“negating an element of the non-moving party’s claim”; or (2) by “point[ing] to materials
on file that demonstrate that the party bearing the burden of proof at trial will not be able
to meet that burden.” Id. “Even after Celotex it is never enough simply to state that the
non-moving party cannot meet its burden at trial.” Id.; accord Mullins v. Crowell, 228
F.3d 1305, 1313 (11th Cir. 2000); Sammons v. Taylor, 967 F.2d 1533, 1538 (11th Cir.
“If the party moving for summary judgment fails to discharge the initial burden,
then the motion must be denied and the court need not consider what, if any, showing the
non-movant has made.” Fitzpatrick, 2 F.3d at 1116; accord Mullins, 228 F.3d at 1313;
Clark, 929 F.2d at 608.
“If, however, the movant carries the initial summary judgment burden ..., the
responsibility then devolves upon the non-movant to show the existence of a genuine
issue of material fact.” Fitzpatrick, 2 F.3d at 1116. “If the nonmoving party fails to
make ‘a sufficient showing on an essential element of her case with respect to which she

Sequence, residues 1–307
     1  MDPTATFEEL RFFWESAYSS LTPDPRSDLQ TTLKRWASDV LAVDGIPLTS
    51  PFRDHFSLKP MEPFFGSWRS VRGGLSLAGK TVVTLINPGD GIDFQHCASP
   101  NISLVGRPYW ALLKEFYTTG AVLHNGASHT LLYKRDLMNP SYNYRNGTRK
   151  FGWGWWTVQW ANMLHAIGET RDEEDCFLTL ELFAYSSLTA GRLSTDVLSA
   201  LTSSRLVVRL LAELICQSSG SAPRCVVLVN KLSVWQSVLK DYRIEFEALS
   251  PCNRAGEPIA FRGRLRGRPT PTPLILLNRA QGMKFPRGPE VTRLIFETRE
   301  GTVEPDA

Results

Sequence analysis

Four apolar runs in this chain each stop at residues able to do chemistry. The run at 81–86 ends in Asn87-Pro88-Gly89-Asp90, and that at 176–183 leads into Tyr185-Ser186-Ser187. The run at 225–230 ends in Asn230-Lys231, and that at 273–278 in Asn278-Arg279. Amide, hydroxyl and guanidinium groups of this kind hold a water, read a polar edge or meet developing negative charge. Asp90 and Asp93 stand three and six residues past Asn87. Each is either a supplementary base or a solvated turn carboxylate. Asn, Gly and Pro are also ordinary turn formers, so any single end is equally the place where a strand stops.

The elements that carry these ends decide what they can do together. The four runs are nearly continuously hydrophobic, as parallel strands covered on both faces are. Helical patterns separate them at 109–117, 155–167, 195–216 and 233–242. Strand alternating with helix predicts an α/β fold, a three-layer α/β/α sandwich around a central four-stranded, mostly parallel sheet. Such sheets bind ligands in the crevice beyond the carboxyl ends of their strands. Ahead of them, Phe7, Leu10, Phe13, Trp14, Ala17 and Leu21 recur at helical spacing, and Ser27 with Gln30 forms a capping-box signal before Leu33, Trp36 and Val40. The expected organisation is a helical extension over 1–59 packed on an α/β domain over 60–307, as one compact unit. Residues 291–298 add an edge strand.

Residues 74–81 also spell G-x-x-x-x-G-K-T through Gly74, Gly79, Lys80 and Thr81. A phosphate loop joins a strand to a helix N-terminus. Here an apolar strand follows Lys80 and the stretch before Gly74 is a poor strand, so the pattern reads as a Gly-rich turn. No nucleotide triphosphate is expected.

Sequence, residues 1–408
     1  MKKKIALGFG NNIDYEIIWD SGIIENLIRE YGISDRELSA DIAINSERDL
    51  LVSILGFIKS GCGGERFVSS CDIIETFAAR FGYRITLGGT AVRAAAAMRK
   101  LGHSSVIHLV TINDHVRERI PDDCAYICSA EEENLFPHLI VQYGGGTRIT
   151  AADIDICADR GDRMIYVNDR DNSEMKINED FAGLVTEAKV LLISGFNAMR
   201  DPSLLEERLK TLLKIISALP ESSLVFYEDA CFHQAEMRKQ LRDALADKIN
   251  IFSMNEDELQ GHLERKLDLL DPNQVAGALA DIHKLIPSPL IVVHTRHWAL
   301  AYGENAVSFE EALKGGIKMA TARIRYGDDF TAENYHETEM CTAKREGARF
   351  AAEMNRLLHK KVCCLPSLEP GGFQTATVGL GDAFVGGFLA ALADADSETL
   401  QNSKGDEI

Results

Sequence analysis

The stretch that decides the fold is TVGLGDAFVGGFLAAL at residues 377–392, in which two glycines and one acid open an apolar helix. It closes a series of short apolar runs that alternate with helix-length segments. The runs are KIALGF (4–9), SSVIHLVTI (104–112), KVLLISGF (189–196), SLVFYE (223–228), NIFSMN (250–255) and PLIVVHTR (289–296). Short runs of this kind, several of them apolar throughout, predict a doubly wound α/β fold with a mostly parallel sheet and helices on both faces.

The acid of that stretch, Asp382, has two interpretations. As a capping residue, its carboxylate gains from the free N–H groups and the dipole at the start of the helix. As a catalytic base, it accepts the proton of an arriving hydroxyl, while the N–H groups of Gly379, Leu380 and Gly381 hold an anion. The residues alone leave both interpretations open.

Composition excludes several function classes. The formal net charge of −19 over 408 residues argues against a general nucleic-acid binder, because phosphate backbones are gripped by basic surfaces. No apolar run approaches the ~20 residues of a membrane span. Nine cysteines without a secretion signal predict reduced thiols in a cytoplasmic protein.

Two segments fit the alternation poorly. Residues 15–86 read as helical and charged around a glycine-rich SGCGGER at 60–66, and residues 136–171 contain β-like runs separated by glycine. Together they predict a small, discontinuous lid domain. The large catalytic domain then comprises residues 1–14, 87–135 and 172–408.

has the burden of proof,’ the moving party is entitled to summary judgment.” Clark, 929
F.2d at 608 (quoting Celotex Corp. v. Catrett, 477 U.S. 317 (1986)) (footnote omitted);
see also Fed. R. Civ. P. 56(e)(2) (“If a party fails to properly support an assertion of fact
or fails to properly address another party’s assertion of fact as required by Rule 56(c), the
court may … consider the fact undisputed for purposes of the motion ….”).
In deciding a motion for summary judgment, “[t]he evidence, and all reasonable
inferences, must be viewed in the light most favorable to the nonmovant ….”
McCormick v. City of Fort Lauderdale, 333 F.3d 1234, 1243 (11th Cir. 2003).
There is no burden on the Court to identify unreferenced evidence supporting a
party’s position.1 Accordingly, the Court limits its review to the exhibits, and to the
specific portions of the exhibits, to which the parties have expressly cited. Likewise,
“[t]here is no burden upon the district court to distill every potential argument that could
be made based upon the materials before it on summary judgment,” Resolution Trust
Corp. v. Dunmar Corp., 43 F.3d 587, 599 (11th Cir. 1995), and the Court accordingly
limits its review to those arguments the parties have expressly advanced.
The parties agree that “[t]he almost universal rule is to the effect that after notice
of the attaching of a junior lien, the senior mortgagee will not be protected in making
optional future advances under his mortgage given to secure such advances.” Hampton v.
Gulf Federal Savings & Loan Association, 249 So. 2d 829, 834 (Ala. 1971); accord